Quantifying how DNA stretches, melts and changes twist under tension
Peter Gross, Niels Laurens, Lene B. Oddershede, Ulrich Bockelmann, Erwin J.G. Peterman, and Gijs J. L. Wuite
Nature Physics - 7 :731-6 - DOI:10.1038/nphys2002 - 2011
In cells, DNA is constantly twisted, bent and stretched by numerous proteins mediating genome transactions. Understanding these essential biological processes requires in-depth knowledge of how DNA complies to mechanical stress. Two important physical features of DNA, helical structure and sequence, are not incorporated in current descriptions of DNA elasticity. Here we connect well-defined force–extension measurements with a new model for DNA elasticity: the twistable worm-like chain, in which DNA is considered a helical, elastic entity that complies to tension by extending and twisting. In addition, we reveal hitherto unnoticed stick–slip dynamics during DNA overstretching at ~65?pN, caused by the loss of base-pairing interactions. An equilibrium thermodynamic model solely based on DNA sequence and elasticity is presented, which captures the full complexity of this transition. These results offer deep quantitative insight in the physical properties of DNA and present a new standard description of DNA mechanics.
Rectification of the current in alpha-hemolysin pore depends on the cation type : the alkali series probed by MD simulations and experiments
S. Bhattacharya, L. Muzard, L. Payet, J. Mathe, U. Bockelmann, A. Aksimentiev, and V. Viasnoff
J Phys Chem C - 115(10) :4255-64 - PMID:21860669 - 2011
A striking feature of the alpha-hemolysin channel-a prime candidate for biotechnological applications-is the dependence of its ionic conductance on the magnitude and direction of the applied bias. Through a combination of lipid bilayer single-channel recording and molecular dynamics (MD) simulations, we characterized the current-voltage relationship of alpha-hemolysin for all alkali chloride salts at neutral pH. The rectification of the ionic current was found to depend on the type of cations and increase from Li(+) to Cs(+). Analysis of the MD trajectories yielded a simple quantitative model that related the ionic current to the electrostatic potential, the concentration and effective mobility of ions in the channel. MD simulations reveal that the major contribution to the current asymmetry and rectification properties originates from the cationic contribution to the current that is significantly reduced in a cationic dependent way when the membrane polarity is reversed. The variation of chloride current was found to be less important. We report that the differential affinity of cations for the charged residues positioned at the channel's end modulates the number of ions inside the channel stem thus affecting the current properties. Through direct comparison of simulation and experiment, this study evaluates the accuracy of the MD method for prediction of the asymmetric, voltage dependent conductances of a membrane channel.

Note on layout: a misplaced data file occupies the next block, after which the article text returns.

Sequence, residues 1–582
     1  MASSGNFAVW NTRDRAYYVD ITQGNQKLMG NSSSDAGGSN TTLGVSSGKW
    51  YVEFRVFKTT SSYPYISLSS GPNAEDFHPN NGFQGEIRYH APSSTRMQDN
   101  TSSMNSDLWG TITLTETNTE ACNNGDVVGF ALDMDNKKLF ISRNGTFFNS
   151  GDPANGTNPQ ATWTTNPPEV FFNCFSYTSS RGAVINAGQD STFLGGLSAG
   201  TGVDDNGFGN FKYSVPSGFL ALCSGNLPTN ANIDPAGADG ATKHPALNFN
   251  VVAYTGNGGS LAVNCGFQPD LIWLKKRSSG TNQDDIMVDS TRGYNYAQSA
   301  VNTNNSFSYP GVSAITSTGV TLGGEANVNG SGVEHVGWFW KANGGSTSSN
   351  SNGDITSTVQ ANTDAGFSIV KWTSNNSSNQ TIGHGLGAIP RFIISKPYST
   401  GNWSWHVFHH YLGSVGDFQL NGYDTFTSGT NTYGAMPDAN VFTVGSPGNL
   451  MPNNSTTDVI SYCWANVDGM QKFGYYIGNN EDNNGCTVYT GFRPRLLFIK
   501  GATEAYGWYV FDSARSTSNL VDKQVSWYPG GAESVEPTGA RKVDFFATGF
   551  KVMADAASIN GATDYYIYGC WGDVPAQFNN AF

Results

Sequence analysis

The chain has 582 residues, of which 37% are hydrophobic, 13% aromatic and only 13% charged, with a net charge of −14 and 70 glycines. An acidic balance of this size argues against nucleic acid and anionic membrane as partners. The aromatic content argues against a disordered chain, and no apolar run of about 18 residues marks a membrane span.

TO THE IPGG TEAMS:

- For any publication having received the support of the IPGG (presence in the IPGG premises, use of the IPGG technological platform, collaboration between IPGG teams, linked to an IPGG doctoral or postdoctoral grant, or use of the common spaces), you must indicate the following sentence : "This work has received the support of "Institut Pierre-Gilles de Gennes" (laboratoire d'excellence, "Investissements d'avenir" program ANR-10-IDEX-0001-02 PSL and ANR-10-LABX-31.) ".

- For any publication of results obtained through the use of equipment purchased by the Equipex IPGG, you must add the following coding: "ANR-10-EQPX-34".

579 publications.